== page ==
2015 Human Rights Conference Materials: Development without Freedom?
NYU DRI, the Bard College Human Rights Project, and the Rift Valley institute warmly invite you to a conference on justice, human rights, and foreign aid in Africa.
Thursday, April 16, 2015
8:30am – 4:30pm
The Grand Hall, NYU Global Center for Academic and Spiritual Life, 5th floor
238 Thompson Street, New York City
The international community, mainly the OECD countries, have been providing project-specific foreign aid, investment and general budget support to the governments of African countries. This funding helped improve many development indicators on the continent, yet fundamental values of freedom and democracy that the giving nations profess are often dismissed. Government forces have imprisoned, tortured, exiled, and even taken the lives of their critics. In rural areas across Africa, people have been displaced, making way for development projects that often fail to bring promised benefits.
What are the consequences of these rights abuses for long-term development in Africa? What is the role of development agencies and foreign investors in ensuring that recepient governments make progress on human rights and justice? The conference will explore research findings on these questions and feature dissenting voices that do not often receive a hearing in international development forums.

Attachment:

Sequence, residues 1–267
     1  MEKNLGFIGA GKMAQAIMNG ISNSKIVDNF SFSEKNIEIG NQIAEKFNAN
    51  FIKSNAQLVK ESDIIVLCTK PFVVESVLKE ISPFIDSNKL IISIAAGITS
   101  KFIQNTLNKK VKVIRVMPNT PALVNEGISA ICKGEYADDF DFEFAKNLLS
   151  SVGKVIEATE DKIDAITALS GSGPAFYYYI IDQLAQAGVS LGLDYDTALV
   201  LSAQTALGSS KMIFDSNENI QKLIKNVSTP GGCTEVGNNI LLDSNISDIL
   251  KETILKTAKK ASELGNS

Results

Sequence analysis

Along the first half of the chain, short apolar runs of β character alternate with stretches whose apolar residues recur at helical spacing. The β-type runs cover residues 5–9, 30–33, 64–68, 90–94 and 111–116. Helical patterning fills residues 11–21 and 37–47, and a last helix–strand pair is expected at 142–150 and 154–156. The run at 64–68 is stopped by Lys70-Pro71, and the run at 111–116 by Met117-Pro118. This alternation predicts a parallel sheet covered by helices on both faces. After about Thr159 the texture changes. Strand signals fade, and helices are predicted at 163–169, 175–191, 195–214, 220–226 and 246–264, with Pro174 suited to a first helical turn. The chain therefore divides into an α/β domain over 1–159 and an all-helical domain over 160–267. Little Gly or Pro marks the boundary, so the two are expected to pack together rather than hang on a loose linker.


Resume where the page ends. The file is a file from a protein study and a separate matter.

8:30am: Registration and Coffee
9:00am: Yaw Nyarko, New York University, Introduction
9:05am: Helen Epstein, Bard College and New York University, “Human Rights Problems in International Development Programs”, Overview of Conference Aims
Session 1: Moderator – Yaw Nyarko, New York University
9:15am: David Pred, Inclusive Development International, “Aiding and Abetting: How the World Bank Enabled Mass Forced Population Transfers in Ethiopia and Evaded Accountability”
9:45am: Frehiywot Samuel, “Not What They Wanted to Hear: A Supreme Court Judge Investigates Post-Election Violence in Ethiopia”
10:15am: Q&A with David Pred and Frehiywot Samuel
10:30am: Coffee Break
Session 2: Moderator – Helen Epstein, Bard College and New York University
10:45am: Soleyana Shimeles Gebremichael, Zone 9 Blogging Group, Ethiopia, “The Cost of Exercising Rights and Bringing Alternative Narration, The Case of Zone 9 Bloggers
11:15am: Stefan Dercon, University of Oxford, “Barking Hyenas, Roaring Lions and Predatory Tigerfish: Aid in Troublesome Places”
11:45am: Q&A with Soleyana Shimeles Gebremichael and Stefan Dercon
Session 3: Moderator – William Easterly, New York University
1:30pm: Jean Ensminger, California Institute of Technology, “Aid Fraud: A Kenyan Case Study”
2:00pm: Godber Tumushabe, Great Lakes Institute for Strategic Studies, “The Tragedy of Aid in Quasi-Democracies: Case Study of the Peace, Reconciliation and Development Program in Northern Uganda”
2:30pm: Q&A with Jean Ensminger and Godber Tumushabe
2:45pm: Coffee Break
Session 4: Moderator – John Ryle, Rift Valley Institute
3:00pm: Mareike Schomerus, London School of Economics and Political Science, “The Betrayal of ‘South Sudan’: Could Development Work without Imagining the State?”
3:30pm: Hugh Roberts, “South Sudan: A Dream Deferred”
4:00pm: Q&A with Mareike Schomerus and Hugh Roberts.
Funding for the event has been generously provided by the John Templeton Foundation. Breakfast and lunch will be served.